BOSTON – For much of his tenure with the Red Sox, Dustin Pedroia has been a mainstay at the No. 2 spot in the batting order.
What used to serve as a foregone conclusion for Boston received a noticeable jolt this season. On Opening Day at Yankee Stadium, Pedroia found himself hitting in front of cleanup “banger” David Ortiz while newcomer Shane Victorino assumed the spot in the lineup that used to have the second baseman’s name written all over it.
Instead of teaming up with leadoff hitter Jacoby Ellsbury to form a top-of-the-lineup combination that was asked to perform one chief function – getting on base so that Ortiz and whoever was hitting behind the slugger had the opportunity to hit with runners aboard – Pedroia is being asked these days to be part run producer, part table setter.
Serving as a dual threat was exactly what the former American League MVP did in Game 1 of the World Series as Pedroia’s first-inning single was parlayed into Mike Napoli’s bases-clearing double.
An inning later, Pedroia drove in a run that helped bury the St. Louis Cardinals in such a deep hole that the National League champs were never able to climb out.
Pedroia finished the night 2-for-4 with an RBI and two runs scored, a stat line that spoke volumes about a player who has been asked to wear multiple hats for the Red Sox in 2013.
“As far as my offensive approach, my mentality hasn’t changed,” said Pedroia prior to the Red Sox and Cardinals taking the field for Game 2 of the Fall Classic Thursday night. “Sometimes on the bases with David hitting behind me, if they’re not shifting him as much and he can hit with that hole, I won’t run as much.
“I still try to take it the same way like I did hitting second,” he added. “I’m a run scorer who gets on base and tries to make something happen like hit the ball into the gaps. I don’t look at it that I’m Miguel Cabrera and I’m going to hit 40 home runs. I just try to play the game and do what I can.”
The most encouraging development from Wednesday’s series opener was that for perhaps the first time this postseason, Boston’s 3-4-5 combination of Pedroia, Ortiz and Napoli were all on the same page. The trio combined for five of the team’s eight hits and drove in seven of the eight runs.
“Each one of those guys has the ability to carry us, and the fact we can get the middle of the order going is very encouraging,” expressed Red Sox manager John Farrell. “Any time you can get multiple guys to swing the bat like the ones you mentioned, it gives us the ability to put a crooked number up.”
One day after it was suspected that Jon Lester benefited from a foreign substance in his glove, the Red Sox, Cardinals and Major League Baseball all did their parts in defusing a puzzling matter that gained traction following a tweet from a St. Louis minor-league pitcher who watched Game 1 on television.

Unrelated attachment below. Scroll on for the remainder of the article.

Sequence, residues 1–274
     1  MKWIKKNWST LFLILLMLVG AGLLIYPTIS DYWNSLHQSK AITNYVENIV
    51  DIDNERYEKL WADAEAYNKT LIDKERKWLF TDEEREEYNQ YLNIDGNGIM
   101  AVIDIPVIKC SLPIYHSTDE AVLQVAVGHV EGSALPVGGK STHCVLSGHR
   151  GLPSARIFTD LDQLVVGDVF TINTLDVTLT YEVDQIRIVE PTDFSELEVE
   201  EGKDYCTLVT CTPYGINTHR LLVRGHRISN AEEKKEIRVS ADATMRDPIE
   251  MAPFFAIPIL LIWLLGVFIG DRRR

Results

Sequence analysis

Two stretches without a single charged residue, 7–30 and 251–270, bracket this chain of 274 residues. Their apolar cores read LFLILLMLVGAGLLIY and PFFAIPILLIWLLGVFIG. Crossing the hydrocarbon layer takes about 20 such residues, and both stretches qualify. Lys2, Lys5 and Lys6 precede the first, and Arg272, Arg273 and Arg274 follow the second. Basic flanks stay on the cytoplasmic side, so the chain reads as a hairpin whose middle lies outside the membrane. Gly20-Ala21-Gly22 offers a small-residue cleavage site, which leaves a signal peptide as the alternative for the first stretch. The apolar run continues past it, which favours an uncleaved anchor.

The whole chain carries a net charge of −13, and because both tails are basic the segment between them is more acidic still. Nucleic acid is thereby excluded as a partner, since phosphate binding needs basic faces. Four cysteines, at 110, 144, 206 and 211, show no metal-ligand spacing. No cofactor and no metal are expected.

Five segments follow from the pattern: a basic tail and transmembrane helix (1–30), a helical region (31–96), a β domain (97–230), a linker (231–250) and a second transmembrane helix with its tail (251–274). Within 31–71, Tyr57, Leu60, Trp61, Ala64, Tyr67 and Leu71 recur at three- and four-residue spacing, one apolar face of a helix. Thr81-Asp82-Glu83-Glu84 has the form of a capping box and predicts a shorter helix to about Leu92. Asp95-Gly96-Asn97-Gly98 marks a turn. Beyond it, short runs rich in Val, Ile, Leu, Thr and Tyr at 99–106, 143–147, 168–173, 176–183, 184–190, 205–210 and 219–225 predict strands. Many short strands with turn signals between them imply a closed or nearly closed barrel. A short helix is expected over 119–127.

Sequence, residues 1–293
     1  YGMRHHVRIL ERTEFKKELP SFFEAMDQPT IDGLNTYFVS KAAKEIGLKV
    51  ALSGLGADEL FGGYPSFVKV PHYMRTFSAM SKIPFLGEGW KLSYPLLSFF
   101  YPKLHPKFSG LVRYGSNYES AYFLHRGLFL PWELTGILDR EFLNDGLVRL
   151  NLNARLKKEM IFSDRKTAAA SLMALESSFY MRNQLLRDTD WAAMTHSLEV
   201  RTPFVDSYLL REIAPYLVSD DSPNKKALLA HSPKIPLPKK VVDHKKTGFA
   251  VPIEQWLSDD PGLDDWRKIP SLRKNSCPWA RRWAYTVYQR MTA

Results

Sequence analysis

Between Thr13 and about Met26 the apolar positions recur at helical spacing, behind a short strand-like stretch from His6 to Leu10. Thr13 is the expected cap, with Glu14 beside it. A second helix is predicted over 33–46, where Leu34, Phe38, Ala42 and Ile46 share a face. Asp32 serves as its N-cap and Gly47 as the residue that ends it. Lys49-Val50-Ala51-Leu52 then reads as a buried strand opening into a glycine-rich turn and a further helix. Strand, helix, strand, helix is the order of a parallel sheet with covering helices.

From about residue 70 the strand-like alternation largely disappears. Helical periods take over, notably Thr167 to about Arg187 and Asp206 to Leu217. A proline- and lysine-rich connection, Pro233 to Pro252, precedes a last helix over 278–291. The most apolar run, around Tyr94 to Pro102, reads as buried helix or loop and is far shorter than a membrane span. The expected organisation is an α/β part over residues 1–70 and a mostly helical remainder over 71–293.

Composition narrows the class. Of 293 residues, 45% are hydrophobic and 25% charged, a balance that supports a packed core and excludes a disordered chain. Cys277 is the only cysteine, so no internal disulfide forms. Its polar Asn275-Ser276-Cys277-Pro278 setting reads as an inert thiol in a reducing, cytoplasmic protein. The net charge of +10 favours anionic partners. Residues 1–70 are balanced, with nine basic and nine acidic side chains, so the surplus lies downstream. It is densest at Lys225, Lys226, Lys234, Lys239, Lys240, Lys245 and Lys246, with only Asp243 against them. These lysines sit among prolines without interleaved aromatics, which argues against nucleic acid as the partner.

“I’ve played with Jon my whole professional career, and he kind of sweats a lot. It was not like he was up there throwing balls that were moving 20 feet. He was on his game, and that’s the way I saw it from second base,” said Pedroia. “I know he loads up with resin all over the place. I don’t even like going out there and telling him ‘Good job’ and patting him on the back because you get all wet and stuff.”
St. Louis manager Mike Matheny made it a point to say that no one in his dugout called MLB officials to complain about Lester possibly doctoring the baseball.
“If we started going down that path, we would be just trying to make excuses for a pitcher who pitched a very good game against us,” said Matheny. “That’s not the kind of team we are. So we see what happens, we make a note of it and we just keep playing.”
Both skippers were asked if Major League Baseball possibly needed to better clarify to the rule about pitchers and the presumed use of foreign substances.
“How it’s updated, I don’t know. Do you start to list individual products? At the same time, I know from talking to our own hitters, they want to be sure that a pitcher has a complete grip on the baseball,” said Farrell. “(Wednesday) night and during this series, there are going to be pitchers on both sides that are going to be mid- to upper-90s type velocity. If a hitter in the batter’s box has a little more comfort knowing the pitcher has a good grip, then maybe they’re a little more at ease as well.
“You’ve got to draw the line somewhere, and the way it is right now seems to fit,” Farrell continued.
Added Matheny, “It’s the responsibility of the league if they notice something that looks out of character to jump on it. I’m not part of the Rule Committee to start making changes, but again, it’s been addressed and I think it’s been taken care of.”
Why Lester was so successful in shutting St. Louis down for 7.2 innings was a product of the budding relationship he has with catcher David Ross. Wednesday marked Lester’s fourth postseason start with Ross behind the plate for three of them.
“The last six or seven weeks, this tandem has really taken some major strides forward,” said Farrell. “They’ve gone out and executed a very good game plan and that consistency, if we need to, which we fully expect, will take place again in Game 5.”
A former Gold Glove catcher, Matheny knows a thing or two about making sure the pitchers are in good hands.
“You can tell there are guys on the staff that like David, and that’s the greatest compliment you can get as a catcher,” said the St. Louis skipper. “He’s a guy who’s been around for a reason.”
Farrell confirmed that Clay Buchholz remains on track to pitch Game 4 in St. Louis on Sunday night with Jake Peavy to go in Game 3. Regarding when the World Series shifts to a National League ballpark, Farrell hasn’t decided what to do with Ortiz and Napoli regarding who will play first base and who will ride the bench.
“One or the other is going to sit, unfortunately,” said Farrell.
Follow Brendan McGair on Twitter @BWMcGair03